- "OCZ Reaches Agreement With Toshiba Corporation to Acquire Solid State Drive Business" (Press release). San Jose, California: OCZ Technology. 2 December 2013. Archived from the original on 4 December 2013. Retrieved 3 December 2013.
- "Toshiba Corporation Completes Acquisition of OCZ Technology Group's Assets and Launches New Subsidiary, OCZ Storage Solutions". Financial Post. 21 January 2014. Retrieved 22 January 2014.
- "Form 8-K". 21 January 2014. Retrieved 20 May 2017.
- "Form 8-K". 30 July 2014. Retrieved 20 May 2017.
- "OCZ Storage Solutions – A Toshiba Group Company". Retrieved 26 April 2016.
- Valich, Theo (6 April 2016). "Toshiba Rebrands OCZ Storage Solutions". VR-World. Retrieved 26 April 2016.
- "Toshiba Sues SK Hynix Over Chip Secrets". The Wall Street Journal. 13 March 2014. Retrieved 19 March 2014.
- "SK Hynix to pay Toshiba $278M in flash memory suit". Nikkei Asian Review. Retrieved 27 July 2020.
- "Toshiba wins chip patent suit against Hynix". www.ft.com. 24 March 2006. Archived from the original on 10 December 2022. Retrieved 27 July 2020.
- "Toshiba and United Technologies ink deal to expand outside Japan" (Press release). Reuters. 16 October 2014.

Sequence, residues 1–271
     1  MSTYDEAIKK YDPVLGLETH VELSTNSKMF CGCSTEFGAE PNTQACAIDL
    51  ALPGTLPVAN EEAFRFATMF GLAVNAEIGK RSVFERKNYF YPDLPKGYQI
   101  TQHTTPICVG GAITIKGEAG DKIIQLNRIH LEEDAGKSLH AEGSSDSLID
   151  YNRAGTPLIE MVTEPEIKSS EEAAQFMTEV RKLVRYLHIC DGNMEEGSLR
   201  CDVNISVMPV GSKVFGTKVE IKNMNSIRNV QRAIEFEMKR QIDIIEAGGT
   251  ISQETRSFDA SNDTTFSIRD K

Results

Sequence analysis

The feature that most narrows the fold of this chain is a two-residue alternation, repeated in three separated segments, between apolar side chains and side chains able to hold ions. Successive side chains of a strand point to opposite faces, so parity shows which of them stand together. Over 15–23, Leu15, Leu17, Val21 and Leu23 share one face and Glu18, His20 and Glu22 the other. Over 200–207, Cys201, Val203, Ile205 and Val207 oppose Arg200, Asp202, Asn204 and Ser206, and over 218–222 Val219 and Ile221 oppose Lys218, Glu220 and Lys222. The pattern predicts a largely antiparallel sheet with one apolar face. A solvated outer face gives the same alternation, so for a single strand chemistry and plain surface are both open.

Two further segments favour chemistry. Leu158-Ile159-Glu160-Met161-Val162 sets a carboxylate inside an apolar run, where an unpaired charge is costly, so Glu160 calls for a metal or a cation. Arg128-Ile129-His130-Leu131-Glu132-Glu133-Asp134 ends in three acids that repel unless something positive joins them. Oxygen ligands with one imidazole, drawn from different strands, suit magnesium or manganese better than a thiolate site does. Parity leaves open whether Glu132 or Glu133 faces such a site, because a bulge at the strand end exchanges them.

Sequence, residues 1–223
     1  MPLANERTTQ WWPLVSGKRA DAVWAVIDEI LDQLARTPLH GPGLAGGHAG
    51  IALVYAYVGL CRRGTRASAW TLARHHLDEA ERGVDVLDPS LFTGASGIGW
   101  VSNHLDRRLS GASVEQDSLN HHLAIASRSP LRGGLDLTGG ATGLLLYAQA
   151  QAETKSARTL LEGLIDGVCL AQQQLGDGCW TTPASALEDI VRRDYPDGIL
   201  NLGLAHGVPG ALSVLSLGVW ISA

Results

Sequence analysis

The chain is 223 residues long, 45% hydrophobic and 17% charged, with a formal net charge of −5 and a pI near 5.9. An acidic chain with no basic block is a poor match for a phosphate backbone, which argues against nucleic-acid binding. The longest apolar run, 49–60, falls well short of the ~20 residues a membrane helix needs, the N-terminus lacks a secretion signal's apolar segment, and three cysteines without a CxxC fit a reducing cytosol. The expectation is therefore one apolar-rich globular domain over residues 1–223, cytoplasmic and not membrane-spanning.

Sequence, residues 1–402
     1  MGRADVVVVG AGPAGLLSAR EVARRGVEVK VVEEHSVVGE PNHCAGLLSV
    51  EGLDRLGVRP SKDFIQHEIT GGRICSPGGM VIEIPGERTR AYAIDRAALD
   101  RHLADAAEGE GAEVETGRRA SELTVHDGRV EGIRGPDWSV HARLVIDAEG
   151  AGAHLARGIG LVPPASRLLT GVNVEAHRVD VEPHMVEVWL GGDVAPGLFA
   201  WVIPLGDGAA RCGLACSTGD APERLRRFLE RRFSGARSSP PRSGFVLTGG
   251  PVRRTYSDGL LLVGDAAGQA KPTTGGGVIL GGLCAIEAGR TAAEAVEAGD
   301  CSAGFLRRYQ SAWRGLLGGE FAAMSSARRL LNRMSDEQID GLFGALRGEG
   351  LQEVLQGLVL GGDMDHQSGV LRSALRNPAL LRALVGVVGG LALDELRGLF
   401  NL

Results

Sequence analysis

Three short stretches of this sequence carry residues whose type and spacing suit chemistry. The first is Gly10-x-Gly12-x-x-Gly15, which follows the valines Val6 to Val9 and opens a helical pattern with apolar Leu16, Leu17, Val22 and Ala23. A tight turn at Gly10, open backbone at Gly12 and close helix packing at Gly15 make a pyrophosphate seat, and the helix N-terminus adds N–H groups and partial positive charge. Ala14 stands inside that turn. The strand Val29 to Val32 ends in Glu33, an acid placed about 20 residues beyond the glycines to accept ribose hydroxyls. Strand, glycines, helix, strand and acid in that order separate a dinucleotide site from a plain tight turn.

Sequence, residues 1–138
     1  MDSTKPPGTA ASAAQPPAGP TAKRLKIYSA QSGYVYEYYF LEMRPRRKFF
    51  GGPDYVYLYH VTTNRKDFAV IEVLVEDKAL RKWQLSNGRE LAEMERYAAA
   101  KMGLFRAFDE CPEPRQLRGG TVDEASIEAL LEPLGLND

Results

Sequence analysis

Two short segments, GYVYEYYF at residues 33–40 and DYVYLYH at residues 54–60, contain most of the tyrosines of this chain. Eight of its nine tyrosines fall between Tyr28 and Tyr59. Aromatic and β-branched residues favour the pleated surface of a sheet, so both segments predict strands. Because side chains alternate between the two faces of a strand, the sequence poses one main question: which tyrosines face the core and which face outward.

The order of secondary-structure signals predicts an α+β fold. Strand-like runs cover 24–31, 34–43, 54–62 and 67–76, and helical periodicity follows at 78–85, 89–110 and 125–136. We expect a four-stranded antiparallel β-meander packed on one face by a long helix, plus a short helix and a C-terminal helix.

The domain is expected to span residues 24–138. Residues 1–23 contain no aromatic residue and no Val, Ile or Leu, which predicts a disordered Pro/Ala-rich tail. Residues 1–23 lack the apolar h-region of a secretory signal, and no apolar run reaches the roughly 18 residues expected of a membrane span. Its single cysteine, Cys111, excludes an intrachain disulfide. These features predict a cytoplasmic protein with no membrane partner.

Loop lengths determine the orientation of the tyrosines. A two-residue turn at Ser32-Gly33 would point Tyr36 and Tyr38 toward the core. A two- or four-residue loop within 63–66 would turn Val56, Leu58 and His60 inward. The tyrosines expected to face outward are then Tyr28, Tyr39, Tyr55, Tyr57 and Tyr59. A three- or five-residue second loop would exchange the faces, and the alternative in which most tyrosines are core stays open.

- Ando, Ritsuko; Gallagher, Chris (8 May 2015). "Toshiba cancels dividend, pulls outlook in accounting scandal". Reuters. Retrieved 15 May 2015.
- Ando, Ritsuko; Sano, Hideyuki; Desai, Umesh (14 May 2015). "Toshiba eyes three-year profit markdown in accounts probe; impact seen limited, shares up". Reuters. Retrieved 15 May 2015.
- "Toshiba CEO quits over $1.2 billion accounting scandal". CNN. 22 July 2015. Archived from the original on 11 December 2021.
- "Toshiba CEO resigns over faked profits". CNN Money. 21 July 2015. Archived from the original on 11 December 2021. Retrieved 22 July 2015.
- Ritsuko Ando (21 July 2015). "Toshiba CEO quits over accounting scandal". Reuters. Retrieved 21 July 2015.
- Kitanaka, Anna; Sano, Nao (7 August 2015). "Japan Shame Index Dumps Toshiba After Scandal, Adds Olympus". Bloomberg Business. Retrieved 10 August 2015.
- BBC News. "Toshiba troubles continue with new losses and falling sales". 14 September 2015. 22 September 2015.
- "Toshiba sells sensor business to Sony, overhauls chip unit". CNBC. 28 October 2015. Retrieved 16 July 2020.
- Alpeyev, Pavel; Amano, Takashi (29 December 2015). "Toshiba Seeks $2.5 Billion Credit Line to Pay for Reforms". Bloomberg. Retrieved 8 January 2016.